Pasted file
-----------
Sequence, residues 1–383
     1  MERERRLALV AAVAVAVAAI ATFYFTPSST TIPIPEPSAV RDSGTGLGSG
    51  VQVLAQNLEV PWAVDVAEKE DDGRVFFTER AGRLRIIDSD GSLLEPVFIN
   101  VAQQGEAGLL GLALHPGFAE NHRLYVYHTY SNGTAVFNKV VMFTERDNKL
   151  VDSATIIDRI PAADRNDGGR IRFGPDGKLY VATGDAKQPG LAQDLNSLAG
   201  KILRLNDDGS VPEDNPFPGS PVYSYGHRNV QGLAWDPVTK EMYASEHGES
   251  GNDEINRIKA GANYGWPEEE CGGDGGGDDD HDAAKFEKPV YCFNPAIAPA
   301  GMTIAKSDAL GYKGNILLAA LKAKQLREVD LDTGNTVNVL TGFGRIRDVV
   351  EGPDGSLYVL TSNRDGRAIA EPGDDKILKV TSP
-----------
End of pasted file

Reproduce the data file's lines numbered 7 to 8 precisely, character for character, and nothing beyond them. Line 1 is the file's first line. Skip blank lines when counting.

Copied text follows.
   251  GNDEINRIKA GANYGWPEEE CGGDGGGDDD HDAAKFEKPV YCFNPAIAPA
   301  GMTIAKSDAL GYKGNILLAA LKAKQLREVD LDTGNTVNVL TGFGRIRDVV